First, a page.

Humphreys County was established in
1809, in the northwest region of Tennessee,
30 miles south of the Kentucky border, and is in the central time zone. The County's population in 2000 was 17,929 and estimated census of 2005 placed the population at 18,212 in a land area of 556.7 square miles, which
square miles is land and
square miles is water.
Its county seat is Waverly, but aside from Waverly, other major communities include the communities of McEwen,
which is rich in Irish heritage,
and New Johnsonville, which is rich in Civil War history.
One of Humphreys County's largest attractions is Loretta Lynn's Ranch and Family Campground near Hurricane Mills. Visitors are allowed a glimpse into the personal life of country music legend, Loretta Lynn, with family entertainment from April through November of each year. The museum and gift shop depict various aspects of Lynn's life. The ranch also sponsors the AMA National Motocross Championship as well as concerts, trail rides and other activities throughout the year.
The city of Waverly is host to "Music on the Square" every Saturday night during the summer months. This lively entertainment event features different performers each week and is free to the public.
In McEwen, St. Patrick's Irish Picnic and Homecoming, held the last Friday and Saturday in July, is one of the world's largest outdoor barbeque events. Drawing thousands of visitors each year, St. Patrick's famous barbequed pork, chickens, sauce and fixings keep visitors coming back for more.
Ready access to transportation via railroad, waterways, highways and interstates has facilitated the growth of several types of industry in Humphreys County. A small airport, located in Waverly, serves private aircraft.
Blue Creek Nature Center, located just outside Waverly and the Tennessee National Wildlife Refuge, which runs along Duck River, encompasses more than 52,000 acres and is perfect for observing a look at untouched wildlife. The peaceful blue waters and many marinas make these popular getaways for the entire family. Avid fishermen and hunters find a paradise along the refuge with organized hunts and fishing tournaments.
Humphreys County is rich in history with Civil War artifacts, antebellum homes and more. The Johnsonville Historic State Park, Humphreys County Museum and Civil War Fort, Nolan House, McAdoo House, Enoch's Mill and one of only two old Greyhound bus stations found in the state offer a backward glance into the history of Humphreys County.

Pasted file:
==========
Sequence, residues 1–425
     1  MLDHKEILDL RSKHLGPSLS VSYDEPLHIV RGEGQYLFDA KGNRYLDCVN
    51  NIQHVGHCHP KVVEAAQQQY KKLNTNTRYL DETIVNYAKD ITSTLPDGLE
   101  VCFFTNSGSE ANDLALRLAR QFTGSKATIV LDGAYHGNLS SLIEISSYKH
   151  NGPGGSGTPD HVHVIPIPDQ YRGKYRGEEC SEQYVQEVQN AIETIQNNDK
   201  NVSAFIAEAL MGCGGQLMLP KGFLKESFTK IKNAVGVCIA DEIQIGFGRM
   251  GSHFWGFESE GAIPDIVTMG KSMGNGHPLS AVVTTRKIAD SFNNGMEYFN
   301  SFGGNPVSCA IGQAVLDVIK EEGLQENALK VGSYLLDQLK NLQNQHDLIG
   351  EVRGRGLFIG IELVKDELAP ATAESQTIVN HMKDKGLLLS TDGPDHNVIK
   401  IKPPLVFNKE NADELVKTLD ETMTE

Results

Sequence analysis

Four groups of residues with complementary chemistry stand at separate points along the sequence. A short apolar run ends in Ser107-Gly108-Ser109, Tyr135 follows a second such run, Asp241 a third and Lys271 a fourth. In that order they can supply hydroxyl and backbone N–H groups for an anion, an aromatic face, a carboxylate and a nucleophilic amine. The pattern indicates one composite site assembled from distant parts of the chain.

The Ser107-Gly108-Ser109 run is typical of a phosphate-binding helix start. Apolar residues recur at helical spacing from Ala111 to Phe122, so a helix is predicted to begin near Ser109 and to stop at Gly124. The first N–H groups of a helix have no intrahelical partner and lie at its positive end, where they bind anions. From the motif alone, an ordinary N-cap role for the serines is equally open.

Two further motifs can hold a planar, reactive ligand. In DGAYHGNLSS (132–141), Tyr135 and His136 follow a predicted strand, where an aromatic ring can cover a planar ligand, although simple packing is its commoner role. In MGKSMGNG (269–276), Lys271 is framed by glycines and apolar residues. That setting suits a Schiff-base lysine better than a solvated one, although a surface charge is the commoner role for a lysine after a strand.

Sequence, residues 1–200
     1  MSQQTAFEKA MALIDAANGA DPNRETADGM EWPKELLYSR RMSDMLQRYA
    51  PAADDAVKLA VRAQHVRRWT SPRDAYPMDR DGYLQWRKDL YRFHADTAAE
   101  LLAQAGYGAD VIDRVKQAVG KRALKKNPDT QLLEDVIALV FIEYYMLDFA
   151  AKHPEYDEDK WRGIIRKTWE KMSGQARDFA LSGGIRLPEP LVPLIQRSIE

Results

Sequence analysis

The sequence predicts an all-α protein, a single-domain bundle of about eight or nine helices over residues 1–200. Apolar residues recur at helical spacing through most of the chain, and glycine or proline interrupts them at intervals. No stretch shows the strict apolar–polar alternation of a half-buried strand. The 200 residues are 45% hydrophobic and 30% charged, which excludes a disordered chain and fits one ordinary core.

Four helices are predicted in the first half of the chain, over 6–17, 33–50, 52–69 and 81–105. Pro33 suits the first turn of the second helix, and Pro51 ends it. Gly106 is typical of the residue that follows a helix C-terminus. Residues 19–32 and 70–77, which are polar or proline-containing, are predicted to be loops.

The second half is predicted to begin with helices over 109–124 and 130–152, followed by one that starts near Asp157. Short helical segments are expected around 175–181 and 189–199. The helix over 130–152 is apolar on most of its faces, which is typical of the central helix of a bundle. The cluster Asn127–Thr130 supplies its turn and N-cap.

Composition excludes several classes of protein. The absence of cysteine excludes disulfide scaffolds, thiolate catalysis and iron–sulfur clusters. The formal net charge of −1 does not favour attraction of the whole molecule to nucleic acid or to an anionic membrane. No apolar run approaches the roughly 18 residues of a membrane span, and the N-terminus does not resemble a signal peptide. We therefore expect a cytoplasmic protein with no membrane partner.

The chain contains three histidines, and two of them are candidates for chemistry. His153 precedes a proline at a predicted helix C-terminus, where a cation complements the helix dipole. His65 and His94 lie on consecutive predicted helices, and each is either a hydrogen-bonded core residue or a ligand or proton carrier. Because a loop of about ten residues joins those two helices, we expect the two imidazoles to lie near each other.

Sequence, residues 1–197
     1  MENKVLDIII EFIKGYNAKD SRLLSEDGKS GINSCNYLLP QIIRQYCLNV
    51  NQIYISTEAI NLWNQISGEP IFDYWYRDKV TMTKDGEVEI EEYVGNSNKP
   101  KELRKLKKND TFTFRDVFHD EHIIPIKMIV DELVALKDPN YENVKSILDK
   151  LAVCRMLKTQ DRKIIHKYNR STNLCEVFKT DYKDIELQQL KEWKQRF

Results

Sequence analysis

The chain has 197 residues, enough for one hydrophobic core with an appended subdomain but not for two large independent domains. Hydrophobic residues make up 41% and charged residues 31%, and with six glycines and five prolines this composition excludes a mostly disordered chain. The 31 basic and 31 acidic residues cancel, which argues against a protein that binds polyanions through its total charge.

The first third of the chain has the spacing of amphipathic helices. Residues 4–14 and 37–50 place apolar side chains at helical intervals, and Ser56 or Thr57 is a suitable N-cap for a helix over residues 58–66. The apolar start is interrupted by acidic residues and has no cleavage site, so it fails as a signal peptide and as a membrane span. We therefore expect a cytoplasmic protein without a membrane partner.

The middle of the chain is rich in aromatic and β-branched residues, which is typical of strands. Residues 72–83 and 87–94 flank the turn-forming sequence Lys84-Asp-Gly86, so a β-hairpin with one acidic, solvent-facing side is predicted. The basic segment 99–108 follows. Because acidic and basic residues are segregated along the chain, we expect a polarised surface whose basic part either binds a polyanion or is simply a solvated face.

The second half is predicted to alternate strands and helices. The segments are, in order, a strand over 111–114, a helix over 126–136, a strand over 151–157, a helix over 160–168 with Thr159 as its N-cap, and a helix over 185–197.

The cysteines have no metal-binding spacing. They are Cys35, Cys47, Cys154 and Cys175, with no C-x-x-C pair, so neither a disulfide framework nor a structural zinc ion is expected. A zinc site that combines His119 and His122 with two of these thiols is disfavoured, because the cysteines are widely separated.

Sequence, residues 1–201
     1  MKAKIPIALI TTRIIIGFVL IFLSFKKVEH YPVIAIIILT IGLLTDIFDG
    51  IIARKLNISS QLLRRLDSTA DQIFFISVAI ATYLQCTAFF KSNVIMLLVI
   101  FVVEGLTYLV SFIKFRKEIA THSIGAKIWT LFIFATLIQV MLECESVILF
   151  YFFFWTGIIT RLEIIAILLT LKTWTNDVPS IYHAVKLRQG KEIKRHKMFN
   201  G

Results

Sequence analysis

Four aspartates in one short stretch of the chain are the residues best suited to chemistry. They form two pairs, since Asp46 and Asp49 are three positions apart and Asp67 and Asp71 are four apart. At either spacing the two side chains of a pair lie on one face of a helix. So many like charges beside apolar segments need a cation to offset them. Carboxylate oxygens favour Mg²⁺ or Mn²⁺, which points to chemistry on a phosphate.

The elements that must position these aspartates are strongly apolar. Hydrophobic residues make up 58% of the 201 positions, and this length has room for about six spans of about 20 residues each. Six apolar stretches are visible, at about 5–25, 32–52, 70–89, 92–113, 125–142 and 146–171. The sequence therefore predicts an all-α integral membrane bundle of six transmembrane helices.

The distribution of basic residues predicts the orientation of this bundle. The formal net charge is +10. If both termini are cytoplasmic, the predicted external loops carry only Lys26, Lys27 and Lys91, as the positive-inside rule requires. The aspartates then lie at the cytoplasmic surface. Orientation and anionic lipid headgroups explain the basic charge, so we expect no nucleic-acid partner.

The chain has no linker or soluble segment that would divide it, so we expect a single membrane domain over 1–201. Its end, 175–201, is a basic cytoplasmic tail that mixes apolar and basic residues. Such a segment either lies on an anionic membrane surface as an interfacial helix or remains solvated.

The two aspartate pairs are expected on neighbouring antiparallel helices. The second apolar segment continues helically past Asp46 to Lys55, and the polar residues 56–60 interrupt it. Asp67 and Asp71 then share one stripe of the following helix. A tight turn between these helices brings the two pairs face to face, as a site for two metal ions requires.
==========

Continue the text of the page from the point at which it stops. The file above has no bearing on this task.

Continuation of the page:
The population was 4,028 at the 2000 census with the city situated in the Trace Creek Valley, just over 10 miles (16 km) east of the creek's confluence with the Kentucky Lake impoundment of the Tennessee River. The low ridges that "wall in" Waverly to the north and south represent the fringe of the western section of the Highland Rim.
Waverly is centered around the junction of U.S. Route 70, which connects the city to Nashville to the east and Memphis to the west, and State Route 13, which connects the city to Hurricane Mills and Interstate 40 to the south and the rural areas around Erin to the north.
According to the United States Census Bureau, the city has a total area of 8.1 square miles (21.1 km²), all of it land.
Waverly was established by Steven Pavatt as a stop along the stage coach road between Nashville and Memphis in the early 19th century. Pavatt was a fan of the author Sir Walter Scott, and named the community after Scott's Waverley Novels. When Humphreys County was created in 1803, Reynoldsburg, located northwest of Waverly along the Tennessee River, was chosen as the county seat. However, when county lands on the west bank of the Tennessee split off to become part of the newly-created Benton County in 1835, the Humphreys County seat was moved to Waverly, which had become the more central location in the county. A courthouse was built in 1836, and the town was officially incorporated in 1838.
Like most of Middle and West Tennessee, Waverly was staunchly pro-Confederacy during the U.S. Civil War. Humphreys County voted unanimously in favor of secession in 1861. Union troops occupied the town in 1863 to guard the railroad between White Bluff and Johnsonville (now Old Johnsonville), the latter being a Federal supply depot and transfer station. The Union troops managed to build a fort at the courthouse square, although they were constantly harassed by Confederate guerillas. On November 4, 1864, Confederate troops under Nathan Bedford Forrest attacked and destroyed the Federal depot in what became known as the Battle of Johnsonville. The battle occurred approximately 10 miles (16 km) west of Waverly at the mouth of Trace Creek.
Hurricane Mills, located a few miles south of Waverly along TN-13, was the site of a substantial mill and carding factory in the late 19th and early 20th centuries. A Mississippian-era prehistoric village (known as the Duck River Temple Mounds) and a farm owned by Jesse James were both located near the Link farm site in the vicinity of Hurricane Mills.
On February 22, 1978, a propane tank car explosion occurred in downtown Waverly when an L&N train derailed. The explosion, which killed 16 people, led to an overhaul of the methods used by the Tennessee Emergency Management Agency when responding to hazardous material spills.
- New Johnsonville
Lake Locations in this County
Pebble Isle Marina
Cuba Landing Marina
Mason's Boat Dock
County/ City Parks
Tennessee National Wildlife Refuge
Blue Creek Nature Center
Johnsonville State Historic Park
Willow Ridge Golf Course
Waverly Country Club